With oligonucleotides against "diseased" cells
Therapeutic Gene Regulation
We aim to identify and characterize cells that trigger and drive the pathogenesis of rheumatic diseases. We apply state-of-the-art methods (particularly Single-Cell-Sequencing approaches) to determine which genes and regulatory ribonucleic acids (RNAs) are selectively switched on in “disease causing” pathogenic cells versus healthy cells. The identified genes and regulatory RNAs are further functionally characterized in order to elucidate whether they influence the disease directly or indirectly. Genes and regulatory RNAs which keep the pathogenic cells alive would be ideal targets for new therapies. Their suitability as novel therapeutic targets is tested in preclinical models for rheumatic diseases.
All the identified regulatory RNAs and many of the identified genes that are selectively expressed by cells which are involved in the pathogenesis of rheumatic diseases, encode for proteins that act inside these cells, making them inaccessible to modern biologics. We are therefore developing short nucleic acids (oligonucleotides) that inhibit the RNAs that translate information from these genes into proteins. Such oligonucleotides are small inhibitory RNAs (siRNAs) that directly inhibit gene expression, and antagomirs that inhibit regulatory microRNAs and thus indirectly influence gene expression. When these oligonucleotides are coupled to cholesterol, they easily enter all cells, but only affect gene expression in the cells in which a particular gene or regulatory RNA is switched on in, making them therefore, very selective. We want to utilize them for therapeutic manipulation of chondrocytes in patients with osteoarthritis (OA). In OA, chondrocytes fail to build cartilage tissue or even destroy the existing extracellular matrix by secreting matrix-degrading enzymes. In cooperation with the Löhning group, we are determining target genes in order to reactivate the cartilage production of degenerated chondrocytes or to turn precursor cells into active chondrocytes.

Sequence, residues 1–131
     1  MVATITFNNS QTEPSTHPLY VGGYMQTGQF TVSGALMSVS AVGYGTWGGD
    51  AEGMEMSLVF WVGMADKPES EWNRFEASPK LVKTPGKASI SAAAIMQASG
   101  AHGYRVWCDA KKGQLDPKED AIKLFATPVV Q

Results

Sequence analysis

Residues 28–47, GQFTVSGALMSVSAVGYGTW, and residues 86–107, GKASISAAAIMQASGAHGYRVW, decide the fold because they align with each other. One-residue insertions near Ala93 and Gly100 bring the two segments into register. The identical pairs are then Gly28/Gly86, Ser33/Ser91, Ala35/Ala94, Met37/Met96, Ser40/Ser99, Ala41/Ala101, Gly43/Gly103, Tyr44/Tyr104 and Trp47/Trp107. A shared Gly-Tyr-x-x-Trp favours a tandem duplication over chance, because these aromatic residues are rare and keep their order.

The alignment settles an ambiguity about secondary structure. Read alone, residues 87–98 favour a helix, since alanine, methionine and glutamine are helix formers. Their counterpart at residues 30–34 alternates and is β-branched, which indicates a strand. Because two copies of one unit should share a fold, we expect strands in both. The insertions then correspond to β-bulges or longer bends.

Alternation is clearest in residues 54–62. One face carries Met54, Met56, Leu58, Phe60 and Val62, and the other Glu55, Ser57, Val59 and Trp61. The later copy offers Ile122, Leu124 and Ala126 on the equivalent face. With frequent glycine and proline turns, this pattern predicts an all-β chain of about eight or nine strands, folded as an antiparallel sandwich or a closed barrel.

Therapeutic oligonucleotides also have great potential for the treatment of chronic inflammatory rheumatic diseases. In an animal model, we were able to show that antagomirs against the microRNA-148a specifically deplete the disease-causing T-helper (Th) lymphocytes and significantly attenuate chronic inflammation due to the dependence on miR-148a for their survival. Protective memory Th lymphocytes generated by a vaccine-like immunization were not affected because they do not express miR-148a. We have thus provided the fundamental proof that therapeutic oligonucleotides can act selectively and efficiently in the organism without significant undesirable side effects.
Dr. rer. nat. Mir-Farzin Mashreghi
Dr. rer. nat. Gitta Anne Heinz
Dr. rer nat. Patrick Maschmeyer
Dr. rer. nat. Frederik Heinrich
Cam Loan Tran
- PD Dr. med. Tilmann Kallinich, Department of Pediatrics, Charité-Universitätsmedizin Berlin
- Tobias Alexander, Department of Rheumatology and Clinical Immunology, Charité-Universitätsmedizin Berlin
- Dr. Klemens Budde, Department of Nephrology, Charité-Universitätsmedizin Berlin
- Dr. Falk Hiepe, Department of Rheumatology and Clinical Immunology, Charité-Universitätsmedizin Berlin